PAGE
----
He crept into the darkened room quietly.

The verb ‘crept’ is strong enough to give the reader enough information on the actions of the character without having to use the adverb ‘quietly’.

We used to use a ball-park figure of no more than three adverbs per chapter. How many have you used?

Passive voice:

This is not the easiest thing to explain. There are certain trigger words that cause passive voice. Words like ‘was’ and ‘were’, for example. I am no expert in this field, so I will post a link that will explain it in all its glorious technical details, using examples to show the difference between active and passive sentences.


Although passive voice is difficult to explain, it is something that will become more and more obvious to you once you have a general idea of what to look for.

Repeated and unneeded words:

This may seem like something trivial to worry about, but by simply finding and changing words that are repeated often, you can improve the ‘flow’ of writing by quite a bit. Also, when you read your manuscript out loud to yourself, you may find there are some unneeded words that just choke up the writing. Use as few words as needed, well-chosen words.

These are some of the basic rules that I was taught in my novel workshop that I sometimes see lacking in the growing trend of indie authors. For those authors out there who are still submitting manuscripts to publishers and editors, these are some of the things that could lead to your MS being rejected. For those authors who are publishing themselves, I hope you find this helpful in bringing your books to a higher literary standard that will make them shine above the rest. Good luck to you all and happy writing (and editing).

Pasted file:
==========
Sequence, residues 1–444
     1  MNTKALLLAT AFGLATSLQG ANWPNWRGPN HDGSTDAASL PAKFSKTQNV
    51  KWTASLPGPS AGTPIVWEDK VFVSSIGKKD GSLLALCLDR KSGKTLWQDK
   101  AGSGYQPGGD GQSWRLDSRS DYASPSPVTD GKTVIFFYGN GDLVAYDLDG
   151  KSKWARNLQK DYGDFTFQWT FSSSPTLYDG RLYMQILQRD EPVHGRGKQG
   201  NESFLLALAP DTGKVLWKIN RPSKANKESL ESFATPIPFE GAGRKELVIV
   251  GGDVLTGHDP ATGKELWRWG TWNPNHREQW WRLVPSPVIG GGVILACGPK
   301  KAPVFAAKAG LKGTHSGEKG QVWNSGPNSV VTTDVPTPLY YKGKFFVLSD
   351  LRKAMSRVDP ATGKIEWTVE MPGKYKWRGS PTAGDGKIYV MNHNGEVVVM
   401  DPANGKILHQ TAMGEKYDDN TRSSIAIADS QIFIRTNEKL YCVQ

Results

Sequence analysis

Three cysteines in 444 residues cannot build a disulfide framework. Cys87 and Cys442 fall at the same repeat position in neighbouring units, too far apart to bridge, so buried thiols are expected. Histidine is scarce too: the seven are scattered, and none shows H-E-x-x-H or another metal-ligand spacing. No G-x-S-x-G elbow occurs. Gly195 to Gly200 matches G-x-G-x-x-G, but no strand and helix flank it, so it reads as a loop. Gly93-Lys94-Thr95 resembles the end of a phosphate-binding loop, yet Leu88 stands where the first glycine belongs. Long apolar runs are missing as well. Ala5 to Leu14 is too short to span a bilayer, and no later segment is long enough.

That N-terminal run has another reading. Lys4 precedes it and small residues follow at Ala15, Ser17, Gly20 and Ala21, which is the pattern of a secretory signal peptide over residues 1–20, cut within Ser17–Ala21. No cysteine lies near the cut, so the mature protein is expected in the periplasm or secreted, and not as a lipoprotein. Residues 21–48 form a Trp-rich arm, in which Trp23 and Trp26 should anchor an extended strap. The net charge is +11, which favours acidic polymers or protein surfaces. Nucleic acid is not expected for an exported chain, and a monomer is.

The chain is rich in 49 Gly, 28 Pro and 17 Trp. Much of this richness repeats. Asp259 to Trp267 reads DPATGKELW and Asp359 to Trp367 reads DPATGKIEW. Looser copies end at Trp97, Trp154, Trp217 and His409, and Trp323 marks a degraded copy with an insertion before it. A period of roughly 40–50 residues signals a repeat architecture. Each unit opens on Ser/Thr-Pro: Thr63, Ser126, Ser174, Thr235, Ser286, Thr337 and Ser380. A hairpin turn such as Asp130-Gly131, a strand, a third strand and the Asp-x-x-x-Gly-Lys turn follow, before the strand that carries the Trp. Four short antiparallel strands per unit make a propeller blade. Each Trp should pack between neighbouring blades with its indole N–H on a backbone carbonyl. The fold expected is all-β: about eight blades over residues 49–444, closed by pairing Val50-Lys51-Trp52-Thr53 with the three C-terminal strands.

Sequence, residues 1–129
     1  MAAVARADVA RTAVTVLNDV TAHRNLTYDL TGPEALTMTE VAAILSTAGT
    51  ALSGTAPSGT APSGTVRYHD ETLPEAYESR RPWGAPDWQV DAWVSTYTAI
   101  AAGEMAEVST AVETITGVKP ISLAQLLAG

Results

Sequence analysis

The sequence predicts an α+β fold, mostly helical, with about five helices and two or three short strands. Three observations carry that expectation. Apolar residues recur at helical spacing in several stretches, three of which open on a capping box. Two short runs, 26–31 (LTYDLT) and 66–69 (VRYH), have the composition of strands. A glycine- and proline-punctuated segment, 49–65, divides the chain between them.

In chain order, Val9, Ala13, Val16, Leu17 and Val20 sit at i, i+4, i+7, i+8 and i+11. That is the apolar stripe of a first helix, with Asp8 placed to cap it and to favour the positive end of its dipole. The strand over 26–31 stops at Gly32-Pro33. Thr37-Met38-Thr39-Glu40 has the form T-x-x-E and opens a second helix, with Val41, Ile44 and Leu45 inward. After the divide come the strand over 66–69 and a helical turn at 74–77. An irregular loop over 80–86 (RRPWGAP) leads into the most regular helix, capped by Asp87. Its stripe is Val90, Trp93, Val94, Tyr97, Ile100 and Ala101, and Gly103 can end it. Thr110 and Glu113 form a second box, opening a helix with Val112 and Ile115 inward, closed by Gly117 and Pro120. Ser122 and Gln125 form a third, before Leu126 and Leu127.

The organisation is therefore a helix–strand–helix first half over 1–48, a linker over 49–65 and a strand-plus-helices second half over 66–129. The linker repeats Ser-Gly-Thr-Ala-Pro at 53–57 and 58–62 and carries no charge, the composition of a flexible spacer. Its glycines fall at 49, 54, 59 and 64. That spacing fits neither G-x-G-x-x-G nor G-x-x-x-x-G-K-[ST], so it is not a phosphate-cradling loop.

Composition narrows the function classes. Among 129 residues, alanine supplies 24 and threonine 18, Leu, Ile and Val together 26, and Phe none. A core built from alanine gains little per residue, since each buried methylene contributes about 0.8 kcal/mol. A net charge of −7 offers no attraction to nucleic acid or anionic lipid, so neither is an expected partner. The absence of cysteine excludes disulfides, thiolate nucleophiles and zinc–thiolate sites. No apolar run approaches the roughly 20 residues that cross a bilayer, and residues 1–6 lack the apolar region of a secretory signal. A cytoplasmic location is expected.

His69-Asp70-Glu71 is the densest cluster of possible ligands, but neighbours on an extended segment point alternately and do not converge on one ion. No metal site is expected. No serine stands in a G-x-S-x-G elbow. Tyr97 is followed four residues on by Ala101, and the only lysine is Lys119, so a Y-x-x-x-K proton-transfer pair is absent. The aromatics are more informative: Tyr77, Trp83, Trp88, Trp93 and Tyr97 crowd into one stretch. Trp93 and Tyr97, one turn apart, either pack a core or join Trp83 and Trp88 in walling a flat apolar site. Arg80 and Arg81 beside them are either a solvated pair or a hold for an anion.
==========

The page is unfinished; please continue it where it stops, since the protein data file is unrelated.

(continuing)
Some other useful writing posts:

Hooks and Cliffhangers:


Best Social Networking Sites For Writers:


The Pitfalls of Self-Publishing:


Getting Published – Writer Beware:


Shameless plug:

Kurt Chambers

If you are interested in seeing the results of a finished novel putting into practice the above set of rules then you can download a free copy of my award winning fantasy novel, Truth Teller. It is a heart-warming tale of true friendship in an action packed adventure. It is free to all readers in any format.

Truth Teller

How could ten-year-old Charlotte ever envisage that magic really existed. For her, the world of other realms belonged in children’s fairy tales—or so she thought—until she discovers a strange shopkeeper, which begins an adventure that will change her life forever.


When she finds herself lost and alone in a far away forest, she must embark on a journey where heart-stopping danger and real life monsters are real. However, a far greater threat shadows her every move. Even with the strengths and skills of her new companions, they cannot protect her against a ruthless druid assassin.


But in this realm, Charlotte is not the vulnerable little girl she thought she was.





Barnes & Noble:


This weeks author interview is with the most talented and funny Christina McMullen. Christina has always dreamed of being a writer. Except for a short time in the late eighties :). She has nine books to date! I know I’ll be adding many of them to my reading list.